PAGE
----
I'm trying to create a struct timeout. I would like to use it directly.e.g. std::this_thread::sleep_for(timeout). However my user defined conversion fails when converting from struct timeoutto std::chrono::duration<rep,period> for some reason I can't understand. Here's full code sample:

#include <chrono>
#include <thread>
template <typename Duration = std::chrono::milliseconds>
struct timeout_tp
   using Duration_   = Duration;
   using rep_        = typename Duration_::rep;
   using period_     = typename Duration_::period;

   timeout_tp(const rep_ &timeout) : timeout{timeout} {}    
   operator Duration_() const {return timeout;}
   Duration_ operator()() const {return timeout;}
   Duration_ timeout;

int main()
   timeout_tp<std::chrono::seconds> timeout{1};
   std::chrono::seconds x = timeout; //OK: struct timeout conversion to std::chrono::seconds.
   //std::this_thread::sleep_for(timeout); : FAILS!!! Can't understand why... 
   std::this_thread::sleep_for(timeout()); //OK : struct timeout operator() returns std::chrono::seconds.
   return 0;

What am I doing wrong?

What do I need to do in order to use the desired syntax?

Error messages issued by the compiler:

main.cpp:38:39: error: no matching function for call to ‘sleep_for(timeout_tp<>&)’ std::this_thread::sleep_for(timeout); //FAILS!!! Can't understand why... ^

In file included from main.cpp:16:0: /usr/include/c++/7/thread:361:7: note: candidate: template void std::this_thread::sleep_for(const std::chrono::duration<_Rep1, _Period1>&) sleep_for(const chrono::duration<_Rep, _Period>& __rtime) ^~~~~~~~~ /usr/include/c++/7/thread:361:7: note: template argument deduction/substitution failed:

main.cpp:38:39: note: ‘timeout_tp<>’ is not derived from ‘const std::chrono::duration<_Rep1, _Period1>’ std::this_thread::sleep_for(timeout); //FAILS!!! Can't understand why...

  • 2
    "Here's full code sample" where are #includes? – Swordfish Nov 14 '18 at 7:51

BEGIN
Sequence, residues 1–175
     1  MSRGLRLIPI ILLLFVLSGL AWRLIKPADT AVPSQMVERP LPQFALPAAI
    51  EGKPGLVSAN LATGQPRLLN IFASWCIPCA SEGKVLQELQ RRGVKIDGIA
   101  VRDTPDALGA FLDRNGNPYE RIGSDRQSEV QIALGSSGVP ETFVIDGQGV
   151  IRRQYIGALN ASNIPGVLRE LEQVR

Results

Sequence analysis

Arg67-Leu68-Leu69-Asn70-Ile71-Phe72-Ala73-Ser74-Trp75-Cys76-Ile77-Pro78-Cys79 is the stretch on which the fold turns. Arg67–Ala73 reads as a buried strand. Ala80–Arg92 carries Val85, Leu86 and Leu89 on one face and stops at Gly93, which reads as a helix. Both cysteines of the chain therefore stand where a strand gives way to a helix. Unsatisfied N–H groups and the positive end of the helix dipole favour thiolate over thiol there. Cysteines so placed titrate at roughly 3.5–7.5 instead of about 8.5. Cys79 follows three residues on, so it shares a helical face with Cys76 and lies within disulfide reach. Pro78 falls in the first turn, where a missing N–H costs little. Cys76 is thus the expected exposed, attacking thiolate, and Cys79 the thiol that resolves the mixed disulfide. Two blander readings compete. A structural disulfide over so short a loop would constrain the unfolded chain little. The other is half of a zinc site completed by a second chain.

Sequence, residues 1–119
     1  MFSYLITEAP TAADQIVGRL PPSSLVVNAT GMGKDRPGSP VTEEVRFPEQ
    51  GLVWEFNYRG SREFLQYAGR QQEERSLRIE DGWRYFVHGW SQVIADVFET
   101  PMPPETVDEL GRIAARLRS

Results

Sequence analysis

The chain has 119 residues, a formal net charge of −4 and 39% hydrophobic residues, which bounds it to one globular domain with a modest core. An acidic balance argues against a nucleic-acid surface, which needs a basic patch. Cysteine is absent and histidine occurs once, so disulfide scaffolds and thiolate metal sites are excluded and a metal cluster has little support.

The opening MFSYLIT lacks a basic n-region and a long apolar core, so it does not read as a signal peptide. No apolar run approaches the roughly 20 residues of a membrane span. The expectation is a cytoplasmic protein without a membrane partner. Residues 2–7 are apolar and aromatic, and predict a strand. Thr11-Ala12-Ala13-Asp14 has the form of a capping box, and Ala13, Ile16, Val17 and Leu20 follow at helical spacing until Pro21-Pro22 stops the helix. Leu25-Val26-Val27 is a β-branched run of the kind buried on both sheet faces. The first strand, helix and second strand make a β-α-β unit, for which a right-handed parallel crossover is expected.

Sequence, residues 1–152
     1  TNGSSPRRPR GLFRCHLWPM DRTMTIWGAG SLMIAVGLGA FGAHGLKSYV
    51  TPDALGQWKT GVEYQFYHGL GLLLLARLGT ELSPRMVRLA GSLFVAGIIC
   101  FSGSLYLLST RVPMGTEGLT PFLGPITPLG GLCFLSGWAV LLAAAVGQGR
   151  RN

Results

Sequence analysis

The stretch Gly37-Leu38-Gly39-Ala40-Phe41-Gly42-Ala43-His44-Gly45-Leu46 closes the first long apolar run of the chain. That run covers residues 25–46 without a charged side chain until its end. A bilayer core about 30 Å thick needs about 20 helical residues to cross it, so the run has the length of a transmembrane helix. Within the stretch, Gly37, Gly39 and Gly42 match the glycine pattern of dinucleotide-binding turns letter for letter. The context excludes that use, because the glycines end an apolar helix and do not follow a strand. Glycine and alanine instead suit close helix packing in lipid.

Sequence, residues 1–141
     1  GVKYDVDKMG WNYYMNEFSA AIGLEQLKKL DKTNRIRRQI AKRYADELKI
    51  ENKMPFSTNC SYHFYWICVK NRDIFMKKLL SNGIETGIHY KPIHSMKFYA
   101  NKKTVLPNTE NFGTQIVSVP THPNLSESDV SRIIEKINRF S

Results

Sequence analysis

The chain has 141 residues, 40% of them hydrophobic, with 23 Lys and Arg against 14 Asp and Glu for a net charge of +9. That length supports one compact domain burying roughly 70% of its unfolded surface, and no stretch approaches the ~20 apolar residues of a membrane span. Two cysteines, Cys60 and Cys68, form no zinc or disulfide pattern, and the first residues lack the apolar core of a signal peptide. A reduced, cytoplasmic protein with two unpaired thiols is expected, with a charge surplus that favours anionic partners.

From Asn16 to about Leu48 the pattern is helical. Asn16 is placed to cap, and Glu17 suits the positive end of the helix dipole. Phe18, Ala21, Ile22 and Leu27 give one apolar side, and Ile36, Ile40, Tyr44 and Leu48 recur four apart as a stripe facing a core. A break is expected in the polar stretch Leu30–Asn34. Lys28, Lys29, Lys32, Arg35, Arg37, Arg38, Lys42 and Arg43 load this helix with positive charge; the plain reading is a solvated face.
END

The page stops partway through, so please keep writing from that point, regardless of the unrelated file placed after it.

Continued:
• @Swordfish They surely wouldn't help with understanding the question. – Zereges Nov 14 '18 at 7:53
  • @Swordfish Sorry..I've updated. – Jacinto Resende Nov 14 '18 at 7:53
  • @Zereges It would help with me being too lacy to add them. – Swordfish Nov 14 '18 at 7:54

::std::this_thread::sleep_for is a template declared as

template< class Rep, class Period >
void sleep_for( const std::chrono::duration<Rep, Period> & sleep_duration );

When you pass an instance of timeout_tp template parameters Rep and Period can not be deduced and user-defined conversion operator timeout_tp to std::chrono::milliseconds is not even taken into consideration.

  • I understand that. But what do I need to do to use a syntax like std::this_thread::sleep_for(timeout)? How can I "tell" to the compiler that I wish to convert struct timeout to `std::chrono::duration<rep,period>'? – Jacinto Resende Nov 14 '18 at 8:09
  • @JacintoResende You can cast it explicitly std::this_thread::sleep_for(static_cast<timeout_tp::Duration_>(timeout)) or specify template parameters explicitly std::this_thread::sleep_for<timeout_tp::rep_, timeout_tp::period_>(timeout). Or you can just write your own sleep_for function that would take timeout_tp for convenience. – VTT Nov 14 '18 at 8:11

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